Wednesday, January 12, 2005

1 Down, 47 to go.

I just completed reading The Making of a Chef by Michael Ruhlman. Having already read The Soul of A Chef (which was written after this book), I had some idea what to expect both from the quality of writing and the material he would cover. I enjoyed The Soul Of A Chef and wanted more.

In the Making of a Chef, Michael Ruhlman attends the Culinary Institute of America and writes about his experiences there, starting from Skills class all the way through to his final block at the American Bounty Restaurant.

Michael Ruhlman has a passion for food and cooking. This enthusiasm carries over into his writing. Throughout the book he ponders whether passion for food and cooking can be taught. Even if it cannot, his certainly carries us along with him. It was an easy read that held my attention and encouraged me to read more. His exuberance for the material not only encouraged me to continue reading, but made me want to be a better cook.

However, the book is not without is share of flaws. His writing is a bit jumpy at different points and sometimes I wish he explained some cooking terms more fully, especially for those of us that are not professional chefs. Also, because he condensed his stay, skipping over some classes and the required externships he was unable to follow one class all the way through their first two years. This leaves him to introduce new characters about midway through his experience. So while we get a taste of life at CIA, and some of the students and instructors that populated its campus in the mid '90s, I kept thinking how much more interesting the book would be if he had followed the same students. In the end, Ruhlman is forced to insert himself into the storyline more than I would ordinarily like for a book of this type.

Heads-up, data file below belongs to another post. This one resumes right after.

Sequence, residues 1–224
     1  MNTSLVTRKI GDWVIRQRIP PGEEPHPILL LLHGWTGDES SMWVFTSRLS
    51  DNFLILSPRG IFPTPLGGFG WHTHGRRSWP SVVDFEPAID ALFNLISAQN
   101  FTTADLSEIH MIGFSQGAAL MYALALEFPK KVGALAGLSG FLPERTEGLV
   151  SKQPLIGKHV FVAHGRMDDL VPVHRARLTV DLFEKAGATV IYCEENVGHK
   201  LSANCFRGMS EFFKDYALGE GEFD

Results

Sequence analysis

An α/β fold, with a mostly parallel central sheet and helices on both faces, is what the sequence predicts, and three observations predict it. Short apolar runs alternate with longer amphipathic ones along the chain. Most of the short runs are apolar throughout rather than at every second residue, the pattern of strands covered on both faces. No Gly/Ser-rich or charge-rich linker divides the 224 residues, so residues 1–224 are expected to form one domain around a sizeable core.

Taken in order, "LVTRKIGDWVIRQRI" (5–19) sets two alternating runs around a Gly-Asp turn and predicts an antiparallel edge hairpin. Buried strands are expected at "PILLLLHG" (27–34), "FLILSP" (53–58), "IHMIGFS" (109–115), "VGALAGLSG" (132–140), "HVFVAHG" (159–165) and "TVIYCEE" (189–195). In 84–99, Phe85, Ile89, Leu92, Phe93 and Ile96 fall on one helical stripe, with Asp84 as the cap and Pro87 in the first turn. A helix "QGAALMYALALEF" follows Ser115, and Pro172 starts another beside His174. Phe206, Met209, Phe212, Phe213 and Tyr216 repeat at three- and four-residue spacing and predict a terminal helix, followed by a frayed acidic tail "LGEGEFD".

Overall -- if you have a passing interest in food and cooking, this is a worthwhile read.

-- Szg

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Blogger mickeyg said...

If you are interested in various food writings, try Coming Home to Eat - the story of a man who vows to eat food only grown, fished or raised within 500 miles of his home. He lives in New Mexico (I think, it's been a while)!


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